Early career teachers

Your early years as a physics teacher can be a steep learning curve. We have a range of resources to help you meet the challenges you'll face.

Lesson observation tips

However confident you are as a teacher, being observed can be daunting. Here are some suggestions for helping the process go as smoothly as possible.

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Managing the marking mountain

Marking is a major pressure on teachers’ time and may feel like it's consuming too much of your non-contact time, both in and outside school.

We've put together some helpful tips from the physics teaching community on how to balance marking against the many other demands on your time.

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Teaching A-level

There are real and valid reasons why teachers shy away from teaching A-level physics. But for many physics teachers, A-level classes are the highlight of their week. Find out how to increase your confidence in teaching physics at this level.

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Student Teacher Affiliation Scheme

Join this free scheme if you are a student teacher or in your first two years of teaching. The scheme helps to develop your understanding of physics and you'll receive resources, advice on practical demonstrations and suggestions on how to keep your physics teaching interesting.

Find out more.

Further teaching resources

  • Supporting Physics Teachers (SPT)
    Providing extensive support for teaching physics up to age 16, the SPT materials have been developed for all new teachers of physics, boosting subject knowledge, highlighting common problem areas for pupils and offering teaching strategies.
  • Teaching Advanced Physics (TAP)
    TAP offers a comprehensive set of detailed resources to help you to plan lessons for 16–19 year olds. The resources are aimed at those who are new to teaching this age group, and don’t assume that you have lots of equipment or had advice from experienced colleagues.
  • Practical Physics
    This website describes proven experiments in sufficient detail that they will work in any school laboratory. It also provides notes about teaching and learning, as well as health and safety issues. Suitable for all secondary levels.
  • Improving Gender Balance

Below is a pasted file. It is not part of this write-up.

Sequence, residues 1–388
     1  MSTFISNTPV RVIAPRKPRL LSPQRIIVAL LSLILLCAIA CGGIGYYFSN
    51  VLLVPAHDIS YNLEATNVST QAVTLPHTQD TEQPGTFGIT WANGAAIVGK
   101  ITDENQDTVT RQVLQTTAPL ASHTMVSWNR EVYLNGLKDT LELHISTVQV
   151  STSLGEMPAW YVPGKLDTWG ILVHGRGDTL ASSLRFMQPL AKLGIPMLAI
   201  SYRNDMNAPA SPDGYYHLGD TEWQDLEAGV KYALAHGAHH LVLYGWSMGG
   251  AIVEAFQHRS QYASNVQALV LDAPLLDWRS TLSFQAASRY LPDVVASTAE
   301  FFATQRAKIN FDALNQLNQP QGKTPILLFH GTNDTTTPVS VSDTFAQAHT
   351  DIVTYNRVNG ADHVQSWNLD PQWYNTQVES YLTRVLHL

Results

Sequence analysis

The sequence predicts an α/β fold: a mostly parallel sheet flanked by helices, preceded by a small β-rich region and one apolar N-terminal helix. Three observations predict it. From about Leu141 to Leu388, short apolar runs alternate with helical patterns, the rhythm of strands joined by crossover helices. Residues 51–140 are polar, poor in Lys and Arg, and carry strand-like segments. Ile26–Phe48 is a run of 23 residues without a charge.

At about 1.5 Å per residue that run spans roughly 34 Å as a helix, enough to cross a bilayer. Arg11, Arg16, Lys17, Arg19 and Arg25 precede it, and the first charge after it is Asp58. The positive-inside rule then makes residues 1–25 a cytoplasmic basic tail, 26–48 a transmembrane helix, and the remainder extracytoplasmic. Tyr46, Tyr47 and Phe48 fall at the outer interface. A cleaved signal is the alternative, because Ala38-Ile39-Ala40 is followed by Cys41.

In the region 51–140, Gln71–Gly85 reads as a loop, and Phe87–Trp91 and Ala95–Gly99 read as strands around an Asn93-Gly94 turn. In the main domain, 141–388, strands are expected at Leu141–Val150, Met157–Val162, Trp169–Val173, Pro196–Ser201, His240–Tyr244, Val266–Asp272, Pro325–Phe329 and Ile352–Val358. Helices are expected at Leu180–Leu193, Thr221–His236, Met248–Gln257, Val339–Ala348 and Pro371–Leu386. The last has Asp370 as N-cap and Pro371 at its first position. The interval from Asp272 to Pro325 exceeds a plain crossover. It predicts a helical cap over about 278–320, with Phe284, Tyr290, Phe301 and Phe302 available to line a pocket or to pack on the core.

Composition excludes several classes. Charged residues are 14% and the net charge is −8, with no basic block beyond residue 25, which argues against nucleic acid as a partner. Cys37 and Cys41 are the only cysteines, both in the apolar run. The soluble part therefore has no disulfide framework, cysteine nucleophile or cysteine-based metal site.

We have been working for many years on the issues surrounding the lack of uptake of physics at school, particularly by girls. These resources aim to help schools tackle gender inequity in the science classroom, in the whole school and in their associated primary and early year centres. 

Support in your region

  • Physics Teacher Network
    Find your local Physics Teacher Network Co-ordinator (PNC) and introduce yourself. The PNCs have lots of teaching experience and put on free CPD workshops and provide advice and support for anyone teaching physics. They have close links with local schools and will know about local initiatives and activities.

Virtual support

  • TalkPhysics
    Our online forum for physics teachers and their supporters has over 10,000 members. Register for free – it’s a safe place to ask questions, share ideas and access teaching resources.
  • @IOPTeaching
    IOP support for teaching physics Twitter feed, working to promote, develop and support excellent physics teaching through networks, CPD events and tried and tested resources.

Reading matter

  • Classroom Physics
    Our Education Department newsletter is published four times a year. It includes news and resources from the IOP and other relevant organisations, event listings, teaching tips and practical ideas. Look out for paper copies in your school’s physics department or read it online.
  • Physics Education
    Our international journal for everyone involved with the teaching of physics in schools and colleges. As well as academic papers, there are informal articles, teaching tips and reviews of textbooks and software.


Related information

Other IOP websites

Unlimited access to over 2,000 physics teaching resources. We bring together hundreds of teaching activities so you can find the right approach for your class.

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